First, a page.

Year-End Money Tips for Working Moms and Female Entrepreneurs
I don’t know about you but the end of the year brings two thoughts…well, three thoughts for me. One, CHRISTMAS!!!!! Two, fresh start on January 1st! And three, holy cow, what’s my money situation? Taxes are coming.
A big, big thank you to Kristen Robinson, SVP of Women and Young Investors at Fidelity Investments for taking the time to develop these year-end money tips for working moms and female entrepreneurs!
2 Tips for Female Business Owners / Entrepreneurs:
Keep Your Future in Mind with the Right Retirement Account for Your Needs
- Look into the different plans available to business owners, such as a 401(k) for Small Business, a self-employed 401(k), SEP IRA or SIMPLE IRA. You may need to appoint a plan administrator- someone who takes care of administrative responsibilities and ensures the plan is operating according to the Plan Document. Learn more about these different types of accounts here.
- Contribute to your account. The deadline for depositing employer profit-sharing contributions for the current calendar year is generally the business’ tax-filing deadline, plus extensions (for unincorporated businesses, this date is usually April 15 of the following year, plus any extensions).
- If you own a business, have you considered how best to plan for the future? If you plan to keep it in the family, consider creating a structure that makes it easier to transfer the business’s assets to other family members, such as a family limited partnership or a family limited liability company.
- There are many options; your attorney or tax adviser can help you select one that is appropriate for you in light of your specific situation.
4 Tips for Single Moms:
Get Involved in Your Family’s Finances
- It’s important to have a full picture of the family financial situation. At minimum, know what accounts you have and with whom. That includes banks and investing accounts, life insurance, mortgages, and loans. Having a handle on this information is an important foundation as you plan for the future, and can bring greater peace of mind.
(EDITOR’S NOTE: Yes! Yes! Yes! I am still getting a grip on my finances after the divorce. I realize now how little I knew before and how problematic that can be.)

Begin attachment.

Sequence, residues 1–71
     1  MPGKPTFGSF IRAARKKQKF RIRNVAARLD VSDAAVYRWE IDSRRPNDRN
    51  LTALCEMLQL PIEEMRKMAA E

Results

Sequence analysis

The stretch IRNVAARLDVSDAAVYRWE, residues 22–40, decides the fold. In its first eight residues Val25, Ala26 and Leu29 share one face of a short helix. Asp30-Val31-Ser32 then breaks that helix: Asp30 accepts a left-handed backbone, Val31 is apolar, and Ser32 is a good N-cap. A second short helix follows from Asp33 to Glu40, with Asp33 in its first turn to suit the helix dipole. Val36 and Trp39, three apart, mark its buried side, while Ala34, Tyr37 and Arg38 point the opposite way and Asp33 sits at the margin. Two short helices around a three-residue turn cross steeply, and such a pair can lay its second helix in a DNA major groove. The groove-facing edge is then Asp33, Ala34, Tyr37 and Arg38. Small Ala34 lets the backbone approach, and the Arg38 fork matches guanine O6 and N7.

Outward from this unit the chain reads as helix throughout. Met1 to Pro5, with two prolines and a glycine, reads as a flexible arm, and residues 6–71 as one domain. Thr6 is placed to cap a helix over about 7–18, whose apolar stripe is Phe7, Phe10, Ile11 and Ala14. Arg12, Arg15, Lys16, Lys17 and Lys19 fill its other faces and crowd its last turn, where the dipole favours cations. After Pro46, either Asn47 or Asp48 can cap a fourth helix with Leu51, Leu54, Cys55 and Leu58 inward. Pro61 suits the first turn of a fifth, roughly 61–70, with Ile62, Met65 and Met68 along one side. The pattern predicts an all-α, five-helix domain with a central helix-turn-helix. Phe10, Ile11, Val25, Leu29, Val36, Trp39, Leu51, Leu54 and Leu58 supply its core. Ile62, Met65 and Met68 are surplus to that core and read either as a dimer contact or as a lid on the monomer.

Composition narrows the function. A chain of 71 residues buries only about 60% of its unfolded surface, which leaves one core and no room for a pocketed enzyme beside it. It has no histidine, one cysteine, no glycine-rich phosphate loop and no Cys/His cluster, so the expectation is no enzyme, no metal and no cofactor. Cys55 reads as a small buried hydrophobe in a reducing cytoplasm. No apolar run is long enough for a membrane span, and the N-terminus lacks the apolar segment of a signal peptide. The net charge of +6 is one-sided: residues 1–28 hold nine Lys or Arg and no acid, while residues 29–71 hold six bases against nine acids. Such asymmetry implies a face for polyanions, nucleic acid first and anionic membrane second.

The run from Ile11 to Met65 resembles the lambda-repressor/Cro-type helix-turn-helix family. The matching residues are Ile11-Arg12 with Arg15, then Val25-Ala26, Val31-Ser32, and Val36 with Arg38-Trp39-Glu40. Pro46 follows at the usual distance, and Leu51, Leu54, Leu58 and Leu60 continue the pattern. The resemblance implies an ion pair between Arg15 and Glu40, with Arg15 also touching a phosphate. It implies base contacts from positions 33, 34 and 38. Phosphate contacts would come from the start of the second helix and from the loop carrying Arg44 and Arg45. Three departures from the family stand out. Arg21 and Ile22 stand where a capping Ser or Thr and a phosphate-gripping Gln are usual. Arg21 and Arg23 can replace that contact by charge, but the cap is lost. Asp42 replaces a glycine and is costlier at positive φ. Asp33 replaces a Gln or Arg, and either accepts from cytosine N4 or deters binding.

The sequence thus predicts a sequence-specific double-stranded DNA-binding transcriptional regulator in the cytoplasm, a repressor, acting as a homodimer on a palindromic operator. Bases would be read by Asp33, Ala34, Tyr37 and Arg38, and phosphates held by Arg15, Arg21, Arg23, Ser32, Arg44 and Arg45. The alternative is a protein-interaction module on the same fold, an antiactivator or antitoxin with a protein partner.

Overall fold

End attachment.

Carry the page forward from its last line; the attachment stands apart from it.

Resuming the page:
Save for Retirement
- Retirement is not a destination but a journey, and it’s never too early – or too late – to start putting away savings for the future. Along the way, there are myriad opportunities to get off the path—and back on it. And at virtually any turn in the road, there are possibilities to speed up your progress.
- Make it a goal to save 15% or more of your income each year. If that’s not reachable today, make sure to make it a priority to carve out what you can. Even smaller amounts will add up over time.
- Aim to have no more than 50% of your take-home pay go toward your “must-have” expenses.
Try to Save Three to Six Months of Essential Expenses in an Emergency Fund.
Look for Growth Potential from your Investments
- Knowing your financial personality can help you determine the right mix of stocks, bonds and short-term investments that match how comfortable you are with risk, and have the growth potential to meet your life’s needs, be that when you want to retire or when you want to send kids to college.
- If you’re not sure where to start, read up online, or reach out to a professional. There’s never a fee to come into Fidelity to talk to a financial planner, but we do recommend you reevaluate twice a year. Just like you take care of your physical health by visiting the doctor and dentist, think of this as taking care of your financial health, which is vitally important as well.
Protect your Legacy
- In order to ensure that what you’ve accumulated is distributed to your children, family and causes you care about most, it is important to name beneficiaries and create a will and health care proxy. Yes, it can be uncomfortable to think about the ‘what it’s,’ but it’s important to be prepared for the unknown. Do you really want someone else making these decisions for you?